The header for this section is a paraphrase of Jeremy Foley's rationale for firing Ron Zook in October of 2004. When you know it's not working out, don't wait. Foley was able to get a jump start on the process, and it paid off when he hired Urban Meyer. Notre Dame also wanted Meyer, but it didn't fire Ty Willingham until December. By then it was too late to get in the game on Meyer.
If you wait until after the season to fire your head coach and/or you want a hot commodity who is currently employed, that means you'll face competition. Competition prolongs your search as the guy everyone's targeting weighs his options. The longer the process goes on the harder it is to maintain secrecy and stifle misinformation. Former ASU AD Lisa Love, who hired Graham, estimated the online chatter about her search to be 80% misinformation. That still leaves 20% good information, which shows she didn't get the secrecy part down.
Both Arizona State and UCLA were reportedly going after Sumlin, but their chances for him basically evaporated when Texas A&M fired Mike Sherman. Sumlin had been an A&M assistant in the past, and that job was an opportunity for him to move up without making a huge change for his family. ASU and UCLA had a window of four days to close the deal with Sumlin before the A&M job opened.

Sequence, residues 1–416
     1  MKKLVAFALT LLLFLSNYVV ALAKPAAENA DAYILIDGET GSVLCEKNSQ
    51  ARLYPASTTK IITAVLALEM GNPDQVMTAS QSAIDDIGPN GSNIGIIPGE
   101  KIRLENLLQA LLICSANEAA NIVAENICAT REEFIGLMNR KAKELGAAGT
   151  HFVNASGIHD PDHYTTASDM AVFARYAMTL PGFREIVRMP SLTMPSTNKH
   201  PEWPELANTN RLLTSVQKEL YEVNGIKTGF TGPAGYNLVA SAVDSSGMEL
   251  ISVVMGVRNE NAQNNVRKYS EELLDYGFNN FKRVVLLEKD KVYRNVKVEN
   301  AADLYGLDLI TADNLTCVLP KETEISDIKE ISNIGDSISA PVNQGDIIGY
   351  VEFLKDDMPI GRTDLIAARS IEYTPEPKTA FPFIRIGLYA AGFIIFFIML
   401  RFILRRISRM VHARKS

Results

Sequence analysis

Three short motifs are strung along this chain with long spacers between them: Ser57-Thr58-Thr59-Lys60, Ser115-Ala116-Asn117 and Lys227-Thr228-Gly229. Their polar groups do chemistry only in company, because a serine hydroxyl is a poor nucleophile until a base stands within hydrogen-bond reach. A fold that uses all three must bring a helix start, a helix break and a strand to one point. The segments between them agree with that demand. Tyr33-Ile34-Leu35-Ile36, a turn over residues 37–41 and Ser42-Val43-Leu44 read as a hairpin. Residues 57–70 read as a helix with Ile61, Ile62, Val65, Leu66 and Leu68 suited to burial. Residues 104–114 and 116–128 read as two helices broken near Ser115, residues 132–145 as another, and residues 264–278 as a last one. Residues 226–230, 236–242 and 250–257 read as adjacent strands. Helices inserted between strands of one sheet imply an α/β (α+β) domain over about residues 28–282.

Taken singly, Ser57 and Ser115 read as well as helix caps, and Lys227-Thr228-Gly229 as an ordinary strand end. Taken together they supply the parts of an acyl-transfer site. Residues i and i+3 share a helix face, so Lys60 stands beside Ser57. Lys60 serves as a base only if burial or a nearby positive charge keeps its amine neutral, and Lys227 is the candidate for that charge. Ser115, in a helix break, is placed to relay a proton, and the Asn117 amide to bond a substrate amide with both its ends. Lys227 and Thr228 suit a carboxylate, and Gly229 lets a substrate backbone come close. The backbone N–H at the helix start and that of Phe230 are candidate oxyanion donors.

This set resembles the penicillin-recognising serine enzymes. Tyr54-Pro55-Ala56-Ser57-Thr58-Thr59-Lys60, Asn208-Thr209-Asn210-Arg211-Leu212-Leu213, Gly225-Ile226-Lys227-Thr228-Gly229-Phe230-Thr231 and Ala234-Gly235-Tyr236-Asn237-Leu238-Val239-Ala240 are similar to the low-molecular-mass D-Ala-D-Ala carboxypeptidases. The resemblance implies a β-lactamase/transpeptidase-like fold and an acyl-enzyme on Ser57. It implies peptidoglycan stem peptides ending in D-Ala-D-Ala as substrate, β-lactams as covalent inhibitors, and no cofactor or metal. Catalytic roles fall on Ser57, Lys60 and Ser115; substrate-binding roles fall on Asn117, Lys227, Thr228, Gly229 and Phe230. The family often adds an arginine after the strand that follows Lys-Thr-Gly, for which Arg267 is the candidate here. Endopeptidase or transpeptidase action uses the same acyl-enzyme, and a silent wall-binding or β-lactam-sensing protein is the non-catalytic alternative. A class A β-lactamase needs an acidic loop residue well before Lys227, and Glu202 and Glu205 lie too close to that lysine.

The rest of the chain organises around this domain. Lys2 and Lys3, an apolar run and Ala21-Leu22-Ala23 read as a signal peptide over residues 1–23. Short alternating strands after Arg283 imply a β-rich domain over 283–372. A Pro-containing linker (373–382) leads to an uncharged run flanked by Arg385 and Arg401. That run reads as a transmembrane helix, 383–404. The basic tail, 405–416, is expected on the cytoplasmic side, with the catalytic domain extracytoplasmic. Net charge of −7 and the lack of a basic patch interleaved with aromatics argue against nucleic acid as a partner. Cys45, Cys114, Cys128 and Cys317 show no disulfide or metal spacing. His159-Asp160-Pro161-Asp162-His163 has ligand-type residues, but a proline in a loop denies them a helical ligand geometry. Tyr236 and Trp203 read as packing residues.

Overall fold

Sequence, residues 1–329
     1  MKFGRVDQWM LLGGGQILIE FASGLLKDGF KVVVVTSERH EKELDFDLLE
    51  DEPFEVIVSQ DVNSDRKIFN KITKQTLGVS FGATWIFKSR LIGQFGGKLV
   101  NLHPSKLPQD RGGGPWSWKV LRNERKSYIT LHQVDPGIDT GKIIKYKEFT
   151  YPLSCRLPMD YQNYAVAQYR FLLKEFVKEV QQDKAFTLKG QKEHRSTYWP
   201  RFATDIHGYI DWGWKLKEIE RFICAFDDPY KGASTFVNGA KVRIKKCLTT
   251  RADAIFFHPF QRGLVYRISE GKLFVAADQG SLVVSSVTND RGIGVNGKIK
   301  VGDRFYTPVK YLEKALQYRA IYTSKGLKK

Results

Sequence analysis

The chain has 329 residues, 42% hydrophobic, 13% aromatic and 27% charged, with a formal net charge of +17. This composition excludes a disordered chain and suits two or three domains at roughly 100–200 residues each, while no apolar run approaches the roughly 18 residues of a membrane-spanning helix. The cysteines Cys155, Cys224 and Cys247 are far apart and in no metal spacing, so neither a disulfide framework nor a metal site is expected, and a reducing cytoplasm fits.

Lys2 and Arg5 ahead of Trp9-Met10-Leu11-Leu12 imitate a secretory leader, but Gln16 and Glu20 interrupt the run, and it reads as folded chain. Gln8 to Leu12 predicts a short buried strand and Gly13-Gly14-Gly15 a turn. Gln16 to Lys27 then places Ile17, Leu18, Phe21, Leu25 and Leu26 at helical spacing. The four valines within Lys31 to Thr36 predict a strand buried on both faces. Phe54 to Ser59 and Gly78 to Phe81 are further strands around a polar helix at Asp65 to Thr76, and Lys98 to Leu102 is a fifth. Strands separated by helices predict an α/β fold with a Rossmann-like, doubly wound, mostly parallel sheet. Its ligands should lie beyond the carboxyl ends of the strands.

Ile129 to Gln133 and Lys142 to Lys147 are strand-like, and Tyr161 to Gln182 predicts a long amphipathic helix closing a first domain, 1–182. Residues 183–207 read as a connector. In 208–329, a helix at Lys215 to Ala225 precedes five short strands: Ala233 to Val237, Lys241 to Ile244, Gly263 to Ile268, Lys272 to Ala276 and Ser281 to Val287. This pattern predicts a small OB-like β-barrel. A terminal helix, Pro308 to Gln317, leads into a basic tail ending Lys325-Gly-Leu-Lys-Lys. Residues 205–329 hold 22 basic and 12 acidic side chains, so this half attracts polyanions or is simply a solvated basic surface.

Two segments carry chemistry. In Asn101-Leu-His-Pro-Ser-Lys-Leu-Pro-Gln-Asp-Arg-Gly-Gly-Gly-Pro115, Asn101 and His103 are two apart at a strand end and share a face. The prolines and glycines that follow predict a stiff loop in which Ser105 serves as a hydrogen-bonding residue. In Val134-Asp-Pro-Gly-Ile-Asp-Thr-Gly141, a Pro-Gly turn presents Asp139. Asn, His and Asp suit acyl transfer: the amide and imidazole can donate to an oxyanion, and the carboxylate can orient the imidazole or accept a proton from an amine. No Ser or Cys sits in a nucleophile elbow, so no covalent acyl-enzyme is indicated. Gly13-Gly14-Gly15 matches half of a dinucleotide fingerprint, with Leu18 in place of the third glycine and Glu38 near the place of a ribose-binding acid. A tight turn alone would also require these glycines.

Perhaps Sumlin was always going to wait and see about the Aggies job, but that just goes to show how the pressure mounts with competition. It's also possible that those Pac-12 schools actually could have closed the deal if they had fired their clearly fired head coaches earlier and put out feelers towards Sumlin in November. We'll never know.
Know what you want.
Moos has a couple of great quotes at the end both criticizing Kansas's hire of Charlie Weis and the practice of hiring NFL retreads for college jobs. He also criticized Ole Miss's committee approach, because ultimately only the AD will be held responsible for the coach's performance. Whether you agree with him or not on that front, it's clear that Moos knew exactly what he wanted for his next coach and how he was going to get him. Bill Byrne, Texas A&M's outgoing AD, seemed to know it too as Sumlin is the only coach he appears to have targeted. It's hard to tell if Greg Byrne had similar clarity, but he gave himself time to get it.
Love at Arizona State and Dan Guerrero at UCLA didn't seem to have that clarity. Sumlin, Jones and Graham are very different guys with only an affinity for passing in the general sense between them. Guerrero went all over the map with college coaches before hiring a guy who hadn't been in coaching since the 2009 NFL season.
There are a few other rules that exist today, such as "don't waste time going after Chris Petersen because he's not leaving Boise", but these are pretty solid. Few of these will help Jeff Long much as he wraps up his search at Arkansas, because "try not to have to fire your coach over scandal in the off season" is one of those other rules. Better luck next time, Jeff.